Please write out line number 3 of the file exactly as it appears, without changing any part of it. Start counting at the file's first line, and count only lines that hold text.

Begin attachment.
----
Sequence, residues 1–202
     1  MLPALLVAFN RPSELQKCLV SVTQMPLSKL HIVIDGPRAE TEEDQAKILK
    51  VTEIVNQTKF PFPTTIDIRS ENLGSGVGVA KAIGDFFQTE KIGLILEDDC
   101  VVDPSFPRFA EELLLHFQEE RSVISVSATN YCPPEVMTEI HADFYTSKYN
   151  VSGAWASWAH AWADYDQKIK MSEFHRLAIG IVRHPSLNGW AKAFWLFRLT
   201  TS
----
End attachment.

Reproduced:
    51  VTEIVNQTKF PFPTTIDIRS ENLGSGVGVA KAIGDFFQTE KIGLILEDDC